Rules for Missouri Townships
Presenting the question
The question, "Shall township organization form of county government be abolished in County?" must be presented to voters if the county commission receives petitions seeking action, which are signed by 10 percent of the number of voters for governor at the last general election. Petitions presented after May of even-numbered years are voted on in November, and other petitions are voted on at a special election within six months. A simple majority decides the question (65.610).
Once the question of either adoption or abolition has been on the ballot, it cannot be presented again for at least two years. Many counties have voted on this multiple times. Only two counties have ever voted in favor of a change -- Daviess and Wright. Daviess reversed the decision in a short time (65.610).
Procedures if abolished
Should the voters accept the proposition to abolish townships in a county, the change takes effect immediately. All township property becomes the property of the county, including real estate and road machinery and equipment. All terms of township officials end. The trustee turns over the township checkbook and any balance to the county clerk. The township no longer exists as a political subdivision the day following the election, and all decisions are the county's (65.620).
The county treasurer ex officio collector becomes the county collector and operates under the statutes applicable to county collectors in RSMo. Chapter 52. This appointment lasts until March 1 following the next general election, at which time an elected collector is installed. If this general election is not scheduled for the collector, as required under Chapter 52, the person elected serves until March 1 following the general election specified for election of collectors.
A county treasurer is appointed to function as prescribed in RSMo. Chapter 54. This appointment runs until the election of a treasurer in the manner prescribed in Chapter 54.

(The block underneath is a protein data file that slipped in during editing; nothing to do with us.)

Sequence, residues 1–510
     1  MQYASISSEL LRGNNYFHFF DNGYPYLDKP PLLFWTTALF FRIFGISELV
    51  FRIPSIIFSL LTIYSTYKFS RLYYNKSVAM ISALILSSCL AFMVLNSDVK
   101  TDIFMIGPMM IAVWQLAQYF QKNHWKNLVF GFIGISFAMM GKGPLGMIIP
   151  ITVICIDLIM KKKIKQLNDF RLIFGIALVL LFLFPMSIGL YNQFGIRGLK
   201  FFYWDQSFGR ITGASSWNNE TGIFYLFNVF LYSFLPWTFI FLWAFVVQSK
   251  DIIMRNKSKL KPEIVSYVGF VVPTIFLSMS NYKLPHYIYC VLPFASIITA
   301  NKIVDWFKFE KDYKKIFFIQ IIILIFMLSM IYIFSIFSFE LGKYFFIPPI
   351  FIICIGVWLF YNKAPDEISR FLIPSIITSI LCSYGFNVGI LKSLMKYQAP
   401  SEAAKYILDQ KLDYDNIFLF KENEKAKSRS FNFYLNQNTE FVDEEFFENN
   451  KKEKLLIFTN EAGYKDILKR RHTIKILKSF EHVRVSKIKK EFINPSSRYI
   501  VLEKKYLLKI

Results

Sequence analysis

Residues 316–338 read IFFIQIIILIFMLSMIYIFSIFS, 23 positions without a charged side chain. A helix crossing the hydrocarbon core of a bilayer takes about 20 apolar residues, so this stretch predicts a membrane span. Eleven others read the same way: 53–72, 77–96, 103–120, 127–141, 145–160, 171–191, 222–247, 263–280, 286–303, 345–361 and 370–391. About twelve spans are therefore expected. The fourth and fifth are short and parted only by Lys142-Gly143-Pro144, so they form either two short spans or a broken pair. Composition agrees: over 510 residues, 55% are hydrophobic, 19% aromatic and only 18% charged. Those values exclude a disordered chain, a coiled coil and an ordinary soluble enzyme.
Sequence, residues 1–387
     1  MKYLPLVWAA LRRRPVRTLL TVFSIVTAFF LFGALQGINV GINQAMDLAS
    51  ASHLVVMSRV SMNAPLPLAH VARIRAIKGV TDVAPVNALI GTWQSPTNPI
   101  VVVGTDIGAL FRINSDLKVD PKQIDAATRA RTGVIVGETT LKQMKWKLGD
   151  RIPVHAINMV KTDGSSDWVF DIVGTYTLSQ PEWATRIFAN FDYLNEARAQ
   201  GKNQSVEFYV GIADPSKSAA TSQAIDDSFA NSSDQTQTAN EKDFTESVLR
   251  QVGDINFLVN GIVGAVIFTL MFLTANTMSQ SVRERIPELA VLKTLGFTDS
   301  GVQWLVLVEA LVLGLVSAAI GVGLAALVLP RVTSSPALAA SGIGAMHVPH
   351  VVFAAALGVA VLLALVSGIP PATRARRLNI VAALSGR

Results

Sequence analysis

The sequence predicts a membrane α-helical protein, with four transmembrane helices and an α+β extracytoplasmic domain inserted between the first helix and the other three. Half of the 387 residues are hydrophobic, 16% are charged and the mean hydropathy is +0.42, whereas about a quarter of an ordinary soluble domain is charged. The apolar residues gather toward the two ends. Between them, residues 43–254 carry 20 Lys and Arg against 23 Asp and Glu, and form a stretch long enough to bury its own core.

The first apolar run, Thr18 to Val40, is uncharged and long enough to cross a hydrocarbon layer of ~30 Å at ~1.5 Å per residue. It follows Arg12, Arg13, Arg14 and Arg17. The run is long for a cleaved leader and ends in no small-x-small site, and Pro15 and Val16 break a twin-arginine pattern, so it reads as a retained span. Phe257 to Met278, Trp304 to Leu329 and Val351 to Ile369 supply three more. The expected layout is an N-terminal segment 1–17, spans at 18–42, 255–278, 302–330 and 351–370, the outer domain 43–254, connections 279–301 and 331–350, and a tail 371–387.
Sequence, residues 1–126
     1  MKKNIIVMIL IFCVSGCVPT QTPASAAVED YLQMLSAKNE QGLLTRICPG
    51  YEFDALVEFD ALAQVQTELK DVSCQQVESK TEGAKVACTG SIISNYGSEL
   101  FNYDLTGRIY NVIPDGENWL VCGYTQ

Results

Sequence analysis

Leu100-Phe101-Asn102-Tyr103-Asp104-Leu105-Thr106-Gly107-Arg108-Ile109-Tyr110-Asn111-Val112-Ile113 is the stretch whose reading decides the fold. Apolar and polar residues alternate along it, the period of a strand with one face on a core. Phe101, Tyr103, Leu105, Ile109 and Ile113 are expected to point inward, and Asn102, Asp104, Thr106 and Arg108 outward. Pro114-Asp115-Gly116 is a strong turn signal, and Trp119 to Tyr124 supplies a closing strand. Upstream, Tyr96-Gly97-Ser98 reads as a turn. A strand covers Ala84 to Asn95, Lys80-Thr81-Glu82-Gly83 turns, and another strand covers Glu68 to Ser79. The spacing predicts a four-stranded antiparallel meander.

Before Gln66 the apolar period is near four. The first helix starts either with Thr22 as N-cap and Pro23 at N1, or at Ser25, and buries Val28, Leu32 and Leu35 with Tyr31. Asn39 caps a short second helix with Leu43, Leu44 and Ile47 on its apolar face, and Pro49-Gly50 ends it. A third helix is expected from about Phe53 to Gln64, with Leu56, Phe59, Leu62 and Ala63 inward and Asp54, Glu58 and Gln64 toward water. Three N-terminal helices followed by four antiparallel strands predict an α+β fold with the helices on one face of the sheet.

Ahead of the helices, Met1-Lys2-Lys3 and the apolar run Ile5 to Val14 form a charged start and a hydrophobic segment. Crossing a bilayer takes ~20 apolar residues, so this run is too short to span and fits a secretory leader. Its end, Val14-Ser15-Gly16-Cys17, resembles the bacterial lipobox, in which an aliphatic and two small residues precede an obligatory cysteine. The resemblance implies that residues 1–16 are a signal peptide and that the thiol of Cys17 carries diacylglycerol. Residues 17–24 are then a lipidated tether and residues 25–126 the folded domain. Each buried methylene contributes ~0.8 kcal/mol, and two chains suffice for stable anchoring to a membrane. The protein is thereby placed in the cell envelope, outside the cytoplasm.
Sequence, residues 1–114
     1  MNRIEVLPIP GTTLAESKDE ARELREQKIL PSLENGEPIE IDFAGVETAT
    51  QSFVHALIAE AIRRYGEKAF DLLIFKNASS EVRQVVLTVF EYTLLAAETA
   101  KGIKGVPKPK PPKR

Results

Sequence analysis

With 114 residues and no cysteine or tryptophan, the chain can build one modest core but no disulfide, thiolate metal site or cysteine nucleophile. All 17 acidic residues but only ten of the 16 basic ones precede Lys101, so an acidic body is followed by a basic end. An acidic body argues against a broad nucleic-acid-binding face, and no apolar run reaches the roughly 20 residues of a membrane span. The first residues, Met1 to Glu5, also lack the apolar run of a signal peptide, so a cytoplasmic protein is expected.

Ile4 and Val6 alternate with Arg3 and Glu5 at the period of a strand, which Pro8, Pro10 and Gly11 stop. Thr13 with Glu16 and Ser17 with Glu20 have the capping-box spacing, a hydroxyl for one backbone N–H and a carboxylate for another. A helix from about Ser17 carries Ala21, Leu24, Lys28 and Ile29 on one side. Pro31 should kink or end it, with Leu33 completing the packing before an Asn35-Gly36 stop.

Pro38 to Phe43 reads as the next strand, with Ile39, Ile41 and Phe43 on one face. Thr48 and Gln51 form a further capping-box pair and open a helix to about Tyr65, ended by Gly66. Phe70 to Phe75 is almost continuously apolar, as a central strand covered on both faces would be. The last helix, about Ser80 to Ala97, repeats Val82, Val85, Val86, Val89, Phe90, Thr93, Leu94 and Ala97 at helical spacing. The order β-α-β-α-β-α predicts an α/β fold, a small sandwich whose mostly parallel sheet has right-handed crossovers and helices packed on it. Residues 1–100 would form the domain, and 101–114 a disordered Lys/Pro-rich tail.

Influence on tax rates
The township general revenue levy is the result of an 80- to 20-percent split of the county levy rate. If a township is eliminated, this taxing authority returns to the county, increasing the county general revenue tax-rate ceiling.
Should voters favor abolition, there are a number of unknowns. What would happen to zoning in townships that had adopted that option? Would a code that voters in a township had accepted be repealed by the township's abolition? If the zoning code remained, who would administer it with the township out of existence? (Counties have no partial zoning option.)
Similar questions arise regarding the levy rate for roads and bridges. In most counties, different townships have different rates. Adopting county organization would require a single rate, but how this would be established is unknown. Some think that to set the rate, the total revenues raised through the individual township levies should be calculated against the countywide assessed valuation, but there is no basis for this in the statutes. It is unknown whether this would violate the Missouri Constitution's ban on rates above those in place Nov. 4, 1980, without voter approval. Requests for legal opinions on these points have been unsuccessful, since such opinions would be speculating about conditions that do not presently exist.